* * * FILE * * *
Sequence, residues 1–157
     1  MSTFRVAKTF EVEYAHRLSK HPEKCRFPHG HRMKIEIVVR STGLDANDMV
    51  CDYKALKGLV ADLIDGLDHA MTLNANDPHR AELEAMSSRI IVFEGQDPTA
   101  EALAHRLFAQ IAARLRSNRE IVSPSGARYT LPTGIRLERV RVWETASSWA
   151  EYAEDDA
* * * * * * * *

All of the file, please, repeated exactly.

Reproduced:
Sequence, residues 1–157
     1  MSTFRVAKTF EVEYAHRLSK HPEKCRFPHG HRMKIEIVVR STGLDANDMV
    51  CDYKALKGLV ADLIDGLDHA MTLNANDPHR AELEAMSSRI IVFEGQDPTA
   101  EALAHRLFAQ IAARLRSNRE IVSPSGARYT LPTGIRLERV RVWETASSWA
   151  EYAEDDA